The fact that your brand is not the hero (your audience is), should help guide how you communicate.
Try to avoid dominating the external conversation with statements that use jargon, industry-insider assumptions, or worst of all, talk about what ‘we’ are doing.
Doing the above is akin to being the person in a crowded room who goes from person to person, telling them about all of the wonderful things that you’ve been up to and how you’re changing the world.
You may be wonderful, and you may be having an incredible impact on the world, but there is a time and place to make announcements – which is generally at times when your company has made breakthrough strides… And this isn’t something that happens every day.
Audiences connect with brands that understand their problems, day-to-day lives and aspirations. Using language that reaches them on their level and contains information that helps them navigate difficulty or reach new heights, will always connect in a more powerful way. This ultimately makes your company more memorable.
“I believe that now, more than ever, the only way you’ll connect is by being true to who you are as an organization, and by being transparent in how you conduct business,” David adds.
3. Great Brands Engage With Their Audience
“This isn’t news or an original thought,” David says. “But since the advent of social media, they’re going to be talking about you anyway, so you might as well be at the table.”
According to David, engagement is more than simply ensuring you’re responding to comments and questions on social media or blog posts. The manner in which you respond should also be on brand with your core values.
Is your brand fun, playful and cheeky? If so, are your responses to negative commentary by meeting the heckler head on, with a comedian’s flare? Or if your brand is diplomatic and professional, are your responses polite and to the letter of your policies and procedures?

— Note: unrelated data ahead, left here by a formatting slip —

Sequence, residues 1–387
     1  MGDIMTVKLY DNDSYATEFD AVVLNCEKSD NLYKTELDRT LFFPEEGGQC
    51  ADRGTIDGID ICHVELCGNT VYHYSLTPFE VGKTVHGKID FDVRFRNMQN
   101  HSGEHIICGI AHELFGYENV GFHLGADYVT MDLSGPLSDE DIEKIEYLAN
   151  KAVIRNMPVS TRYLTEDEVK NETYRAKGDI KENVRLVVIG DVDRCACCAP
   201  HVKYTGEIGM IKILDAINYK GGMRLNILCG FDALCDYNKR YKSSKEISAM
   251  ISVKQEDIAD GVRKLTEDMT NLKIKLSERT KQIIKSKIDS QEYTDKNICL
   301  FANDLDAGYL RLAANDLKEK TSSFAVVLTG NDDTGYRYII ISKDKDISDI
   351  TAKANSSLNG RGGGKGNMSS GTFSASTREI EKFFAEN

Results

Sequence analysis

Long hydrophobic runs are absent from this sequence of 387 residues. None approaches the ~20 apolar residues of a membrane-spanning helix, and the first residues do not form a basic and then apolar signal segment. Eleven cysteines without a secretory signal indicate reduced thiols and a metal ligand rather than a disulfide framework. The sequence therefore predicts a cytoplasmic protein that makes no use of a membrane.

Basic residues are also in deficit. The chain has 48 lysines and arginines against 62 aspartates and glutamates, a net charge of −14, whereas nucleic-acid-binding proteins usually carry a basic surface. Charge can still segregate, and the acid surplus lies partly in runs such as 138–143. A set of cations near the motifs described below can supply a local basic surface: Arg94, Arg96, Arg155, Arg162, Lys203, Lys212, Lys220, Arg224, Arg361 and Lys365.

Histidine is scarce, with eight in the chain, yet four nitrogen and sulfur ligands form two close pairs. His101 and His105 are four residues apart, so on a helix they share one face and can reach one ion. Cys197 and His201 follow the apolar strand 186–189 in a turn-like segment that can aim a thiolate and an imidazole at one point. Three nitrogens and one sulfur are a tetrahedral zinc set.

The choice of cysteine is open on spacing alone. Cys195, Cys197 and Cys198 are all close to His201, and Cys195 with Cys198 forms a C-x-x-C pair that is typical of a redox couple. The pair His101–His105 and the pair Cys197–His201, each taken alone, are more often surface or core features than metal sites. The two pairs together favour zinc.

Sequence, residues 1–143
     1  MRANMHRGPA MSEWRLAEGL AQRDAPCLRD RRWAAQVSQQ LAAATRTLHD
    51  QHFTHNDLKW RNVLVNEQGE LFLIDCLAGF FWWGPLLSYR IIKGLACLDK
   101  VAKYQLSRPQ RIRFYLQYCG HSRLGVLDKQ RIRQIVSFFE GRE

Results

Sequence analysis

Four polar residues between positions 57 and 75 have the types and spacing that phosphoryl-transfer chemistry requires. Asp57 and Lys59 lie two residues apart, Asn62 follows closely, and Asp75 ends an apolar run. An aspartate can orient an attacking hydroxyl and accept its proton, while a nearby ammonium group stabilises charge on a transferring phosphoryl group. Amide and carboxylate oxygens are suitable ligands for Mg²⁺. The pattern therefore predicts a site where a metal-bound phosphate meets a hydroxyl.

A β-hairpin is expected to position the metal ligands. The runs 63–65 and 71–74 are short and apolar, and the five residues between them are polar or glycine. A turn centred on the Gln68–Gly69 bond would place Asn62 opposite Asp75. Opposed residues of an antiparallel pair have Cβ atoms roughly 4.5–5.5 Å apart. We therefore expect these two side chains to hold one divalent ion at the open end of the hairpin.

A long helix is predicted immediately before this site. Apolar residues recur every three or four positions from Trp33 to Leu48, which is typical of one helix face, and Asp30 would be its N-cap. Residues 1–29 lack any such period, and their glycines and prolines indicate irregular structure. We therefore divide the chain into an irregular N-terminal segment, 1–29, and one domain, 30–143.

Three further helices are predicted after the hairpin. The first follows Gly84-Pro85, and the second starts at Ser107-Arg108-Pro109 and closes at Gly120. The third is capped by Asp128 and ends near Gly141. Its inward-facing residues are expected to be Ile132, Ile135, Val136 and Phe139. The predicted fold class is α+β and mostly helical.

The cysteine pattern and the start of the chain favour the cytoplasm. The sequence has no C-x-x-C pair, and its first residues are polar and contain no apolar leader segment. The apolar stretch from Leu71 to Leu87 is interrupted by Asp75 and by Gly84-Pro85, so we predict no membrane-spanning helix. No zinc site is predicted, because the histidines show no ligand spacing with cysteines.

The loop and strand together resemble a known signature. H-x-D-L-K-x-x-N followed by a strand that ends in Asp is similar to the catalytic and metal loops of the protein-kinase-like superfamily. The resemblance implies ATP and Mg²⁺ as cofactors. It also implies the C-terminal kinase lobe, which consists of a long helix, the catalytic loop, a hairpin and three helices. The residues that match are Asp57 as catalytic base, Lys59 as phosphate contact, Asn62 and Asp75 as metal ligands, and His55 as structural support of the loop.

The key is consistency across all channels.
4. Your Brand’s Core Values Should Inform its Look, Tone and Voice
“After you do the work of figuring out what you stand for, make sure you articulate that in your brand guidelines. Execute your core values at every single touchpoint,” David specifies.
A cohesive experience with your brand should be captured in your brand guidelines, which should include a description of your brand voice attributes, instructions on how that voice comes alive (e.g. punctuation, verbs that are approved and subject areas that are off-limits), among other things – like editorial and design style guidelines, colors, fonts and more.
“As an example,” says David, “If you run an amusement park, you’re in business to create a good time for people. This might mean that the tone of your brand is manifested through informal, relaxed language. At the same time, you may also be authoritative on subjects pertaining to your specific space. Your color palette in your brand guidelines might be bright and energetic.”
Get More Branding Tips and Tricks on the Sound Stories Podcast
Listen in as David Brouitt and Voices’s Chief Brand Officer, Stephanie Ciccarelli drill down into the topic of core values, including what to do if you discover that your brand values are not being lived out… Or how you can navigate the tricky business of owning up to brand values that are less than positive (e.g. think burger businesses!).